Session 6A.5 The conditional risk of severe convection estimated from archived NWS/Storm Prediction Center mesoscale objective analyses: potential uses in support of forecast operations and verification

Tuesday, 2 June 2009: 5:00 PM
Grand Ballroom East (DoubleTree Hotel & EMC - Downtown, Omaha)
Andrew R. Dean, CIMMS/Univ. of Oklahoma, Norman, OK; and R. S. Schneider, R. L. Thompson, J. Hart, and P. D. Bothwell

Presentation PDF (900.8 kB)

The SPC maintains a database of environmental parameters associated with severe convection. These parameters are archived from hourly SPC mesoscale analysis grids that are available from 2003-present. The database also includes severe weather reports, gridded CG lightning data, and archived SPC forecast products.

Using the environmental analyses in conjunction with lightning and report data, the conditional probability of severe convective elements (tornado, wind, hail) is calculated given the presence of deep convection (using lightning as a proxy). In particular, we have used a 5-year sample (2003-2007) from the environment database to estimate the conditional risk of tornadoes as a function of CAPE, CIN, deep-layer (0-6 km) bulk shear, low-level (0-1 km) bulk shear, and LCL height. In addition to investigating various combinations of these ingredients, we have also populated a 5-dimensional parameter space that includes all of these ingredients in order to develop a multi-parameter estimate of the conditional tornado risk.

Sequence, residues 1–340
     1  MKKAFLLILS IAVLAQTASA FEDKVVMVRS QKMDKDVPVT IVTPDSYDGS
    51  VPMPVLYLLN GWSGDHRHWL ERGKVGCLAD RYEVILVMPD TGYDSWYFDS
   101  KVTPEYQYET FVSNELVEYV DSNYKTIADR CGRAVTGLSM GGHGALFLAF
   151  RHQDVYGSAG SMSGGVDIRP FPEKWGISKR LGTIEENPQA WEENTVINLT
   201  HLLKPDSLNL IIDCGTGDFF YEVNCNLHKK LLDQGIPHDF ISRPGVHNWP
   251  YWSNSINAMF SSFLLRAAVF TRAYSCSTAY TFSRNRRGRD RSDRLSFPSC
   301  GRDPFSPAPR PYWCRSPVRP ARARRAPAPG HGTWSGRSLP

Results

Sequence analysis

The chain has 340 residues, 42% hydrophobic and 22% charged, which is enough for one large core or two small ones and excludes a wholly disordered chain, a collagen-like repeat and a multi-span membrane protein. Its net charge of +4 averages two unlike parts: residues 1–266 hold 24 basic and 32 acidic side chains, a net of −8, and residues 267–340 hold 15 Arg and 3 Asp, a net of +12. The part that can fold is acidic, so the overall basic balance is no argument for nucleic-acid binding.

The utility of this work to the SPC is two-fold. First, an objective multi-parameter estimate of the conditional tornado (or wind/hail) risk would be a valuable real-time tool in assisting forecast operations. Second, this conditional risk can be used as a proxy for the difficulty of the forecast, which would provide a valuable context for SPC's forecast verification. Using archived analysis data from the past can thus be used to help forecast operations in the present, in terms of real-time guidance, and in the future, by providing valuable feedback that can be used by forecasters to improve forecast performance. Results of this ongoing research and visions for its future will be presented.

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